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Suppose you are "deep in the heat" on a 1 3/4" when things go awry (flash or near-flash). Which nozzle do you want on your line and why?

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I'm interested to know how many people have been "in a flashover" and had the time and where-with-all to think about flowing the line at all? To a man, everyone I have spoken to or heard of that have been intimate with a flashover took the nearest route out, post haste! Mike Lombardo had a great presentation back a few years about one of his jobs and another is the Lt. from New Haven FD. Both give compelling testimony about doing anything to escape and forgetting heroic or even rational thought. Here is where I feel the flashover simulators maybe doing the FS a disservice. Operating a nozzle in the "can" to prevent flashover is not at all the same as overcoming one that is taking place in a combustible room! We need to balance some of the pseudo-building training with actual fire experience or the use of acquired structures.

Now a discussion on effectively using the proper nozzle to prevent flashover? I like the SB for the ease of advance, the flow, and the penetration so we don't have to be inside the room that is ready to flash.
It is not the simulator doing the "disservice" as you call it, it is the instructor. The Swede system is not about nozzle technique, as a matter of fact we make it a point to tell all of our students to pay no attention to how the nozzle is being operated and we make sure to explain the need to flow the line in the event you are faced with the recognition of signs of flashover. Why do you think an instructor is operating the nozzle vs. a student? If you were told something different or think that this is the intent, you got it all wrong.

Adam Miceli said:
I'm interested to know how many people have been "in a flashover" and had the time and where-with-all to think about flowing the line at all? To a man, everyone I have spoken to or heard of that have been intimate with a flashover took the nearest route out, post haste! Mike Lombardo had a great presentation back a few years about one of his and another is the Lt. from New Haven FD. Both give compelling testimony about doing anything to escape and forgetting heroic or even rational thought. Here is where I feel the flashover simulators maybe doing the FS a disservice. Operating a nozzle in the "can" to prevent flashover is not at all the same as overcoming one that is taking place in a combustible room! We need to balance some of the pseudo-building training with actual fire experience or the use of acquired structures.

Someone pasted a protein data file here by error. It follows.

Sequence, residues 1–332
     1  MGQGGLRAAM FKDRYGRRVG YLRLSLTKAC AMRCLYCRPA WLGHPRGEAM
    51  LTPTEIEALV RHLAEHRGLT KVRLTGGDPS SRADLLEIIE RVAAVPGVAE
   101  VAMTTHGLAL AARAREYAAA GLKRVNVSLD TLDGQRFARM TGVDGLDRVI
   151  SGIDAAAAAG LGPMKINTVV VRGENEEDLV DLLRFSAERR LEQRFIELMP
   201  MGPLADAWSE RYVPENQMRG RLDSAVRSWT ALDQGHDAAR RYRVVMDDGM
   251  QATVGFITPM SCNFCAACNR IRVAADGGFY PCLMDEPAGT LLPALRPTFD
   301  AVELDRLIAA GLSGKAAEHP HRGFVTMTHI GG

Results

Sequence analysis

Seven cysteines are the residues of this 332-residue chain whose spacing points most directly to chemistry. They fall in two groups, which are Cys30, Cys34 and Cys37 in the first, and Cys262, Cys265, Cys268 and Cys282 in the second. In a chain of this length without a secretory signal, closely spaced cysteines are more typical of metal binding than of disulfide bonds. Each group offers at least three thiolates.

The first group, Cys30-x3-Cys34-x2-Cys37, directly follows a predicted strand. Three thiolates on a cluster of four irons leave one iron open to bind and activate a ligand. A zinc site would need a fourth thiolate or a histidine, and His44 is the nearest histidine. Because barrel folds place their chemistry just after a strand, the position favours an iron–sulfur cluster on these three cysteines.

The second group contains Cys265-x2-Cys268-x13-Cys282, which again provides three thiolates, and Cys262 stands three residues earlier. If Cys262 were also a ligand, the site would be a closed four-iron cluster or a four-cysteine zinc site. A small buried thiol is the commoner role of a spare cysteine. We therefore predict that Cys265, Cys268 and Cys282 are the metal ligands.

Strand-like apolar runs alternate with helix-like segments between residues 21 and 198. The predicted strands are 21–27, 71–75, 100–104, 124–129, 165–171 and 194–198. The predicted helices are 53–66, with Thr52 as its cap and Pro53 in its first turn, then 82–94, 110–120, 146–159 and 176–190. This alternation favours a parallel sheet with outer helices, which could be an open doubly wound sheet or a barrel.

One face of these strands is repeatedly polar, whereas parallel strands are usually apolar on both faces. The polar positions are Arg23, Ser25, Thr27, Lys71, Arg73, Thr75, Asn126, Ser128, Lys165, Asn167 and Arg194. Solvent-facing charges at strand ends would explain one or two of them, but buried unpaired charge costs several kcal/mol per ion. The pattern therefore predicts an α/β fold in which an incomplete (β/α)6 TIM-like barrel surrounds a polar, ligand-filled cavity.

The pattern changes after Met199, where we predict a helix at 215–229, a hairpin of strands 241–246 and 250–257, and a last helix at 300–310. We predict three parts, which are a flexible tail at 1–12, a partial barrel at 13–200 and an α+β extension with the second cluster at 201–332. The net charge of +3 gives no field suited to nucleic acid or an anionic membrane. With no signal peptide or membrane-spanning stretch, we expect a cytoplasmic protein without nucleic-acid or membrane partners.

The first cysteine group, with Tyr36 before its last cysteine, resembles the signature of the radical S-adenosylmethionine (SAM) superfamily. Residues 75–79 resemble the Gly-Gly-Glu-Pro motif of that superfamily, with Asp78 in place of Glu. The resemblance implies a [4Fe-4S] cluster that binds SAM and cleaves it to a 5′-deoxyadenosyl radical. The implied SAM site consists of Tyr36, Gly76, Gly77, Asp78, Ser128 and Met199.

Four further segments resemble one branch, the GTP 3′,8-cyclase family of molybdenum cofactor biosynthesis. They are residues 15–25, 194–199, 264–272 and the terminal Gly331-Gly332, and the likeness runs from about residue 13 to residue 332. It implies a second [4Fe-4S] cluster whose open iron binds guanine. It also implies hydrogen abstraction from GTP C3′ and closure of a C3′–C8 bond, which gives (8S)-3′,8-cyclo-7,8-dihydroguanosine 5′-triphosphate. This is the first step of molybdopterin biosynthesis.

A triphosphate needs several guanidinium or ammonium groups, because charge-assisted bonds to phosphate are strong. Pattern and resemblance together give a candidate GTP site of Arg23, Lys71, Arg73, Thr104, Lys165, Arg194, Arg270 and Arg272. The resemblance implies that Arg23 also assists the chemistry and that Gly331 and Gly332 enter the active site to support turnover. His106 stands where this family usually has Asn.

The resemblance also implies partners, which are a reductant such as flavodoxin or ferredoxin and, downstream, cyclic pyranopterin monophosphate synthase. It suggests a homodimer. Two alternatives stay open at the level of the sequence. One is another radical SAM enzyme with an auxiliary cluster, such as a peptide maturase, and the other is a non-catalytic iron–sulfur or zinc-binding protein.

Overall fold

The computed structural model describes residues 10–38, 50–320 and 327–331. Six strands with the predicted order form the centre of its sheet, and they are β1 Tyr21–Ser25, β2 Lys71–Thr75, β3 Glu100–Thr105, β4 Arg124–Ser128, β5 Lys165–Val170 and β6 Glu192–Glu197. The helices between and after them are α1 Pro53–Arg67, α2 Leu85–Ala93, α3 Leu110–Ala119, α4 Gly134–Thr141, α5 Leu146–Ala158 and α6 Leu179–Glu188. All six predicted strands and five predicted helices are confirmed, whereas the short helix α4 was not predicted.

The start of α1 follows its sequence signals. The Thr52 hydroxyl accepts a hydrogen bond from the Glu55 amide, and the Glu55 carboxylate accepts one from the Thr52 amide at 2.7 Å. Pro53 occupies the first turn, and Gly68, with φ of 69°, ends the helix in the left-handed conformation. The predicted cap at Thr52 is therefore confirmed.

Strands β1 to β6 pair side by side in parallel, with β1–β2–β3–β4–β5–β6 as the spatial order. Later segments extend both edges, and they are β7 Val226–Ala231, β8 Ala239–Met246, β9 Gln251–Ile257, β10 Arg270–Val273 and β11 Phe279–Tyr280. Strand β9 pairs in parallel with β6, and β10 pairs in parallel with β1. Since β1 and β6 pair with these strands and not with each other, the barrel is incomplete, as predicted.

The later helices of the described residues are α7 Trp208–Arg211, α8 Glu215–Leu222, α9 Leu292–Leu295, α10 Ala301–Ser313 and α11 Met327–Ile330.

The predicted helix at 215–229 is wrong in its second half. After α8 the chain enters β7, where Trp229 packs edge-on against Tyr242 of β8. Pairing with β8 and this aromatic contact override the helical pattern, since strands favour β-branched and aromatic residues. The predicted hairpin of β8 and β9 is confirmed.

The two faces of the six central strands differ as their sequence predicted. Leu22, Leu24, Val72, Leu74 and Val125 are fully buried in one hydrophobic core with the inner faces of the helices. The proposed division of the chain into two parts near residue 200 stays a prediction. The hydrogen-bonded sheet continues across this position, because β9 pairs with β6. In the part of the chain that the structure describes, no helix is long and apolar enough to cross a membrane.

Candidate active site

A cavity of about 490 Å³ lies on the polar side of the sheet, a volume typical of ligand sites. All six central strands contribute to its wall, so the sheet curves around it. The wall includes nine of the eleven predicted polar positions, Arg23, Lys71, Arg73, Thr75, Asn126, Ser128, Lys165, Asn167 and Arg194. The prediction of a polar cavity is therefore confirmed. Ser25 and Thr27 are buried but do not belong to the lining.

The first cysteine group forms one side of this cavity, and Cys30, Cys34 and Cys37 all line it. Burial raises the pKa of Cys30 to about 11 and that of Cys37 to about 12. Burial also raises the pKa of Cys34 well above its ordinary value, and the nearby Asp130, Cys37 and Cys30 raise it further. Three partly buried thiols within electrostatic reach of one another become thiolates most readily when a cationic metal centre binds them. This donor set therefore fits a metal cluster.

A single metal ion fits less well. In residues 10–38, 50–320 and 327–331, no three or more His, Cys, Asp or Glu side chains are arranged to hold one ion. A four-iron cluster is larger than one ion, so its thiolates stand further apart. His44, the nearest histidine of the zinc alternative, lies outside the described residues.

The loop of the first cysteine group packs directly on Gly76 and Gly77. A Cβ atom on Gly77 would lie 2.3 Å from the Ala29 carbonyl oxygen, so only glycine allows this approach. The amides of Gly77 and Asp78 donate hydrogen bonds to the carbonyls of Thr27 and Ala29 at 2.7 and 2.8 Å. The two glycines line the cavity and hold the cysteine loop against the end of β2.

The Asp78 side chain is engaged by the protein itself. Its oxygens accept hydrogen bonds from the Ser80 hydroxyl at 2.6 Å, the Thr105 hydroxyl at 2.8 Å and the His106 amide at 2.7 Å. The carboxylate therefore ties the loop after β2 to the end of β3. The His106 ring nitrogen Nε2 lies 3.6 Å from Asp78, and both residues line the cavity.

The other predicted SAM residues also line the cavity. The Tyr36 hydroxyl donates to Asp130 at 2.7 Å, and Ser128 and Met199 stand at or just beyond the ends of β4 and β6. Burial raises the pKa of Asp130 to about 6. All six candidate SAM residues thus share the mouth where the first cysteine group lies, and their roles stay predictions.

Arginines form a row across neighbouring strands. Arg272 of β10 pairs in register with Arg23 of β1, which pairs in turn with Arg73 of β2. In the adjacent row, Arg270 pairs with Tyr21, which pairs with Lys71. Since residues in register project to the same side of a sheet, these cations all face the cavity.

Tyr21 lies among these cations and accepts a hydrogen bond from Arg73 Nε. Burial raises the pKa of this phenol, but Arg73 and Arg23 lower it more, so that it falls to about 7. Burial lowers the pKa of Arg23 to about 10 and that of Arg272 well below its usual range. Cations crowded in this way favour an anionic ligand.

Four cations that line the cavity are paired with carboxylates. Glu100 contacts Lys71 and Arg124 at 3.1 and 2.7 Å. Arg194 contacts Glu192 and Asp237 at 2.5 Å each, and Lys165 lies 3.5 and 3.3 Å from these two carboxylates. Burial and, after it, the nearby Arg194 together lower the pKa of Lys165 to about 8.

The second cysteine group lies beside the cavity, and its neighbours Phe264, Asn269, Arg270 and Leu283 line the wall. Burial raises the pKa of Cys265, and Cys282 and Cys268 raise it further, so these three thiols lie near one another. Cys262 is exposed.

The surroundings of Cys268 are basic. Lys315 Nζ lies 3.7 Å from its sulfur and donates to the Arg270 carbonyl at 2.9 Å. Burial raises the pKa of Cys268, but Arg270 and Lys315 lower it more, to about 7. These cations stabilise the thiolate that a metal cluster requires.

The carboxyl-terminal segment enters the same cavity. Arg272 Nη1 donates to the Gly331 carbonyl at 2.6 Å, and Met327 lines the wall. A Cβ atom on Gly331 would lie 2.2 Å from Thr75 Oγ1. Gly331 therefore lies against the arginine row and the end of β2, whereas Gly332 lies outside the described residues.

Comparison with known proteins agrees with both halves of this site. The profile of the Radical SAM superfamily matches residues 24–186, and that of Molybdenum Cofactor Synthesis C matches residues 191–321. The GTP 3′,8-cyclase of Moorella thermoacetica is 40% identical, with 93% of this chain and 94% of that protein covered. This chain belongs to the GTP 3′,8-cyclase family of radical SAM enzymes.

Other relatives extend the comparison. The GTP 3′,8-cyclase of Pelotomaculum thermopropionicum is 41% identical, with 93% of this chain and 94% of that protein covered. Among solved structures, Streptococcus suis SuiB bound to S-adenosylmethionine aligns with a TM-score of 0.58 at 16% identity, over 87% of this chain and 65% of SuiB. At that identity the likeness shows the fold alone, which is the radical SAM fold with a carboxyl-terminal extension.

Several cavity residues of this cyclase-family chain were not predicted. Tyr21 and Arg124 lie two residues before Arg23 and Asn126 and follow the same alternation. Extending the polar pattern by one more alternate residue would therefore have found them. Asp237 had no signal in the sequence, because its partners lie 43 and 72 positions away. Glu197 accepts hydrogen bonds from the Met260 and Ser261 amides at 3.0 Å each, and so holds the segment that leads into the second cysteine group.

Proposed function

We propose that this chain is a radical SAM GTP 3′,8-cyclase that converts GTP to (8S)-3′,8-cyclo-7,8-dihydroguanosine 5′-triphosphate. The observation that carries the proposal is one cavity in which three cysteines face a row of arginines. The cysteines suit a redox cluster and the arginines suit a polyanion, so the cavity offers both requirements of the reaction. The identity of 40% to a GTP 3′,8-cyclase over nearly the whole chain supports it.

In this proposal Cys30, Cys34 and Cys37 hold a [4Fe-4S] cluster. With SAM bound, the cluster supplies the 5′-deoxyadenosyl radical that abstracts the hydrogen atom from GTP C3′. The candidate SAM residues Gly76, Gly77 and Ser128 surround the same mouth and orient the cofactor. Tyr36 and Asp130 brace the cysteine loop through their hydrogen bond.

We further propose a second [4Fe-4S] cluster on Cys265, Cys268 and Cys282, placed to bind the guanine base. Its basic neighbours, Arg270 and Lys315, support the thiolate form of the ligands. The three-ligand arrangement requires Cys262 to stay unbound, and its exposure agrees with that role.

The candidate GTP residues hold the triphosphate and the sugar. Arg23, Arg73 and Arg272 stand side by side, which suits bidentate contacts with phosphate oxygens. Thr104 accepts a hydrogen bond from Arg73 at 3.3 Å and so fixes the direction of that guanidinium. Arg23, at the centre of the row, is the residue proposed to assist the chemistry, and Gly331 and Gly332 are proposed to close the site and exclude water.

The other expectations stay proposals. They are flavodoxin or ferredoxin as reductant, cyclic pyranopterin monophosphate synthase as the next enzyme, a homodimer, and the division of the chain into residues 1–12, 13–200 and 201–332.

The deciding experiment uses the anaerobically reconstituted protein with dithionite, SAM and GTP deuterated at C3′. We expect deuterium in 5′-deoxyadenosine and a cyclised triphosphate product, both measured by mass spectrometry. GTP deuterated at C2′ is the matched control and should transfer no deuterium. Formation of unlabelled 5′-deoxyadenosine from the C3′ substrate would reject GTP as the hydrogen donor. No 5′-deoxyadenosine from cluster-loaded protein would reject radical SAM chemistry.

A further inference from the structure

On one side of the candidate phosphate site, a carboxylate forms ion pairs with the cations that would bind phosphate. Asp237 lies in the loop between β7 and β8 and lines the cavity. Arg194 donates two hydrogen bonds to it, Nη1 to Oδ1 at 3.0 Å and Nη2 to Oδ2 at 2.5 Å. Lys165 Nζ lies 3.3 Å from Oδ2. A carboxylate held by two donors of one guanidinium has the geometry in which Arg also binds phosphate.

Now a discussion on effectively using the proper nozzle to prevent flashover? I like the SB for the ease of advance, the flow, and the penetration so we don't have to be inside the room that is ready to flash.
I understand what you're saying, but it seems more and more I read and hear about guys wanting to combat an occurring flashover vs. getting out. I do place part of the blame on the instruction in flashover simulators where students get an experience that is not "real life" for lack of a better term. If this is just to show flashover recognition, why not utilize videos at a fraction of the cost. I think we need to differentiate between training to prevent flashover and training to escape an occurring flashover.I personally think this type of training along with the heavy reliance on simulator training buildings vs. acquired structures is going to prove detrimental to our profession over time.

Again, having spoken to enough firefighters who've been intimate with a flashover in an actual building, I'll practice remembering where the nearest h*** is to aim for when I'm trying to escape.
As a Flashover instructor I hope this may help. The simulators come in basically two categories; sophisticated gas fueled units that are exactly that - simulators, or the wood-fueled container, the Swedish original, which offers far more "real life fire conditions" that do vary somewhat from burn to burn.

The instructor plays the most important role in these courses; guaranteeing the safety of the participants by assuring that they have a complete understanding of what flashover is all about, knowing how to recognize the indications of pre-flashover conditions, how to access the burning space, how to reduce / dilute the concentrations of fire gases and so on.

Repetition of interior sessions will give the attentive student the knowledge he needs to recognize the hazards, mitigate them and get out if necessary. All of this leads to the initial question; what nozzle / fire stream is most adequate for combating flashover or pre-flashover conditions? Our experience here in Europe has shown that a narrow fog pattern, pulsated into the mass of gases at the ceiling will generally do the job. Once the flashover potential has been reduced or eliminated, you can on to combating the fire itself. Fine. No fire nor flashover is the same as another, but the conditions previous to flashover are generally quite similar. If you use the "surround and drown" phylosophy, you may well broil firefighters, including oneself.